© 2013, Sherilyn Siy. All rights reserved.

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For Sherilyn, Asia is home. Born in Hong Kong, Sherilyn grew up in the Philippines, worked for a while in Xiamen, China, and now lives in Japan. She speaks English, Filipino, Chinese (or putonghua), and Hokkien, her family's local dialect. As a certified foodie, Japan is a haven. Her favorite Japanese comfort food is a steaming bowl of ramen (which she once had twice in a day!). She received her Master of Arts Degree in Applied Social Psychology from the Ateneo de Manila University in the Philippines as a recipient of the SYLFF Fellowship and is an environmental psychologist. At heart, she is a teacher, and she believes that the best lessons are lived and taught by example. She practices yoga and finds that it helps keep her grounded, balanced and mindful. She is mom to two wee ones, ages almost three and eight months. She blogs at

Leave us a comment!

  1. Commentsaylatwork   |  Monday, 04 November 2013 at 1:49 pm

    How interesting! Especially when you consider how polite Japanese adults are. I am a Brit in the Netherlands and I raise my children to say please and thank you. Dutch people will often say “S/he doesn’t need to say that to me!” but that’s not the point. They need to say it for *me*! I too intervene a lot more than local parents, so I really enjoyed reading this, thanks! (And let us know if you find out when the magic transformation happens!)

  2. Commentstara   |  Monday, 04 November 2013 at 6:31 pm

    same is true for parenting in India i found. The little kids run amok and are babied to no end – the explanation being that “once they are in school, their whole world will be rules and study and behaving, let them enjoy childhood so they remember these days…”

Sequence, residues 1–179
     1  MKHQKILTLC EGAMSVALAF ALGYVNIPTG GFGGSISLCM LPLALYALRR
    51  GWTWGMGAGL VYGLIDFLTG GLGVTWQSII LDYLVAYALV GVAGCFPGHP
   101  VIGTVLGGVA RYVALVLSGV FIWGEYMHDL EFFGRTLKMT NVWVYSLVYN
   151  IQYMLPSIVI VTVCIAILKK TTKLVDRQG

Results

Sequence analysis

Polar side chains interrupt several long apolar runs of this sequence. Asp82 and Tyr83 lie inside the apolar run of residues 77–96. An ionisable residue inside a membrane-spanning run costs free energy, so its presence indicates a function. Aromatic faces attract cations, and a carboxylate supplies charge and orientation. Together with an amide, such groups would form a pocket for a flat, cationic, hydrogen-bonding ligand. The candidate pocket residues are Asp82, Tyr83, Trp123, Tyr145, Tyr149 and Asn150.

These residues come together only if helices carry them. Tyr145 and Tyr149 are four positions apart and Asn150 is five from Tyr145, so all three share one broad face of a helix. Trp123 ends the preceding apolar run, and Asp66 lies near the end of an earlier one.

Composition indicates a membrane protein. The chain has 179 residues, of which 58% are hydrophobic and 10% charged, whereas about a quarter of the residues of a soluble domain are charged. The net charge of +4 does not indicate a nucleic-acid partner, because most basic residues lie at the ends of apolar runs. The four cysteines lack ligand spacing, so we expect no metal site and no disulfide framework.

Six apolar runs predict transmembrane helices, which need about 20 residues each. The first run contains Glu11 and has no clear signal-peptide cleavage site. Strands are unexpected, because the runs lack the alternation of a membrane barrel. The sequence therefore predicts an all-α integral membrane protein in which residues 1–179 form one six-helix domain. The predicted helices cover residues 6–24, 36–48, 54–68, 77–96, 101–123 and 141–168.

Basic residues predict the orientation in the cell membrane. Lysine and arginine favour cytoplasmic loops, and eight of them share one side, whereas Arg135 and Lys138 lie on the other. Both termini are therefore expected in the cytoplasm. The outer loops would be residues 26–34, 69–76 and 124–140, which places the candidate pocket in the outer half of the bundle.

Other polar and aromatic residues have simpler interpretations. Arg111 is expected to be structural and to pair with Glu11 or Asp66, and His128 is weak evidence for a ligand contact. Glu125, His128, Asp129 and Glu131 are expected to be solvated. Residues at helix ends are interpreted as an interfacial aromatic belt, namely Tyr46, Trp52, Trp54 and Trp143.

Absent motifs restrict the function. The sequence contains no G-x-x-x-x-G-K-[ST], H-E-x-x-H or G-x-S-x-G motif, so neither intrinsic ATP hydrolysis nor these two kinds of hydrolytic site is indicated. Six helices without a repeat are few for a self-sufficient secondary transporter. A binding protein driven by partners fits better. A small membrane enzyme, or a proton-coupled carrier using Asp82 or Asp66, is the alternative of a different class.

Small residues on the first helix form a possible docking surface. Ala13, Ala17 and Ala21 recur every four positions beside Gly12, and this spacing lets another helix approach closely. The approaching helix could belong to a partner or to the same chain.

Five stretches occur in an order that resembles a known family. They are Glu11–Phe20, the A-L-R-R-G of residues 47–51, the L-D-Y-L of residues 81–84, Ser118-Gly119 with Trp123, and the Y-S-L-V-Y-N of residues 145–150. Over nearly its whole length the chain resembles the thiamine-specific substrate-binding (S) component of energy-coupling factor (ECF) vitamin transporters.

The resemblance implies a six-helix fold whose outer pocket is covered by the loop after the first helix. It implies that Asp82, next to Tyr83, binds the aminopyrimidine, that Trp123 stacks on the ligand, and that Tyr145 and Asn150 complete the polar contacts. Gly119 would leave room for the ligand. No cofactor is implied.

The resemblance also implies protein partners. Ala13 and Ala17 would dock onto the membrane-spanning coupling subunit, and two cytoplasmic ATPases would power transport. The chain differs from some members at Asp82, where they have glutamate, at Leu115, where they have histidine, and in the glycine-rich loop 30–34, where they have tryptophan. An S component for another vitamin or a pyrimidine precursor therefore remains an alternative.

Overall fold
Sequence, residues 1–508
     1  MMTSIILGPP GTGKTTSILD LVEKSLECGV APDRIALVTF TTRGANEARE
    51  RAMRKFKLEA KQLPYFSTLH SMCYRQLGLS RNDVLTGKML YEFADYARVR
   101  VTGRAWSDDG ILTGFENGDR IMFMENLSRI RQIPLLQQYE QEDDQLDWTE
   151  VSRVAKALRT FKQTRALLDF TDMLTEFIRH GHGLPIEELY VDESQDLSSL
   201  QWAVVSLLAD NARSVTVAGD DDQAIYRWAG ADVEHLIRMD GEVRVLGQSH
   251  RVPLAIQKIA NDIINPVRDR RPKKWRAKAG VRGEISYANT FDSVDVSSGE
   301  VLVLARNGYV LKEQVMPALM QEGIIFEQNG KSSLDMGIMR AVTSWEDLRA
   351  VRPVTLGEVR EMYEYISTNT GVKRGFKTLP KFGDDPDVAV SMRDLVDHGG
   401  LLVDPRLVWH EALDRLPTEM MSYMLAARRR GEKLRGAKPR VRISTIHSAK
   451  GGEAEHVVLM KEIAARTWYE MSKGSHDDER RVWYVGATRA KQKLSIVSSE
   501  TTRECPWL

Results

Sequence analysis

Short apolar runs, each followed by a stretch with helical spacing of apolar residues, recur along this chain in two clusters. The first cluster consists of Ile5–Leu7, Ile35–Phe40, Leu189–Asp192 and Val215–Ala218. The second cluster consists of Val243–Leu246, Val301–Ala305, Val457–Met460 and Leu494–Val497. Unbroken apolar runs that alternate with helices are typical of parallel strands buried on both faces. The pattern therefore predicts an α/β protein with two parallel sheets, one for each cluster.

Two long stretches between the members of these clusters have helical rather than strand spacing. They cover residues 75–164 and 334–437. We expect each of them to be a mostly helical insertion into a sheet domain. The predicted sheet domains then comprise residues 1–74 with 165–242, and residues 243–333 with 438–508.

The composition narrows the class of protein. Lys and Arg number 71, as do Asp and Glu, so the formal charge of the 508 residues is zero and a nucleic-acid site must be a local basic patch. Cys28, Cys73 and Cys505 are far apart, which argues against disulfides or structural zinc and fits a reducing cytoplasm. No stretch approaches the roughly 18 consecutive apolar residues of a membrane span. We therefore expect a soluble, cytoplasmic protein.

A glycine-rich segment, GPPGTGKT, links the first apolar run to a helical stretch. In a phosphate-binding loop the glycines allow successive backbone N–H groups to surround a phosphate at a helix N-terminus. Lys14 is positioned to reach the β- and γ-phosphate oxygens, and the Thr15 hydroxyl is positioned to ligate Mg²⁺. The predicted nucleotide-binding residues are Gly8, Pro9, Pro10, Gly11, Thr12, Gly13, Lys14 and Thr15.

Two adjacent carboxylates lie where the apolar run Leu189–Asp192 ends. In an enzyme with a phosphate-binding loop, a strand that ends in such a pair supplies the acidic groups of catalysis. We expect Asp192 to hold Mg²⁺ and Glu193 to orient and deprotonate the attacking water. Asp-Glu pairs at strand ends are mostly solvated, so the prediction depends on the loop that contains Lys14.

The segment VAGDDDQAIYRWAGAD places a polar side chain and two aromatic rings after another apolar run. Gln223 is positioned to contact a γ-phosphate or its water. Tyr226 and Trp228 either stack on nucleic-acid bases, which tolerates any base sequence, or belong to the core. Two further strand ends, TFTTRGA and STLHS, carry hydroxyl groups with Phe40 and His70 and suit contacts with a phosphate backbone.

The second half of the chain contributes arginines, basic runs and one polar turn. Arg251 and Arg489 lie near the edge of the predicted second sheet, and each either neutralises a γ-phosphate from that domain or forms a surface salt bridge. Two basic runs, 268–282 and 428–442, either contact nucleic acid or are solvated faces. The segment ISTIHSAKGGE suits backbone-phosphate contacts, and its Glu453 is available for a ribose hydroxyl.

3. CommentsCasey   |  Tuesday, 05 November 2013 at 1:11 pm

    I’ve noticed similar differences when I am with my son in Colombia, though it varies there based on class. Lower class parents let their children have more freedom because they know that the rest of their lives they’ll have a teacher or boss shouting orders at them, whereas middle class kids are heavily disciplined, far beyond what I think as a middle class NorthAmerican is necessary to show that they are bien criados well raised kids. I don’t know about upper class kids so much, but when I see them at the park with their nannies, they seem to run all over them.

  4. CommentsYama   |  Thursday, 19 December 2013 at 4:04 pm

    I’ve seen the similar things happening among Japanese moms in California, US. Although I’m Japanese, I’m pretty strict about my children’s public behaviors and interactions with others. Like you, I would intervene if I see inappropriate behaviors of children. I had opportunities to put my children into an elementary school and a kinder for one month in Japan. To my surprise, most children behaved well at school. They knew how to talk to adults, make lines, and stay still at the morning meeting (so called “choorei.”) I had a feeling that kinder was when teachers started teaching public behaviors. Till then, most parents’ didn’t seem to matter much as their behaviors would be corrected at school anyway. I don’t agree with the way but seems majority of Japanese accepts it.

  5. Commentsmfan2   |  Wednesday, 02 April 2014 at 8:45 pm

    My thinking is that Japanese “spoil” their children. Not in a bad way, but in the way that most youngest children in the U.S. are treated. The result is that it often only takes a look from their parents to reign in their older kids, because this is like an earthquake to the children.. Growing up in a large family, we were all often disciplined except for the “baby” of the family: my little brother. It only took one remark or look from my dad to freak him out because it wasn’t something he was used to dealing with, and I have to admit he was probably the mos well behaved of the kids. I heard it normally only takes a hint of a sign of withdrawal of affection from Japanese mothers to make their kids very contrite.

  6. CommentsZain   |  Saturday, 30 August 2014 at 6:56 am

    I think they let them run while while young because of how oppressed they will be when grown up. They must think of it as some sort of compensation as what is to come.

  7. CommentsNathaniel   |  Wednesday, 17 February 2016 at 7:19 am

    I don’t understand. I always thought that discipline was a major part of far East culture. (no racism intended of course). So I’m a little confused. Were the examples mentioned in the article considered exceptions in that mentality or there is something I’m missing here?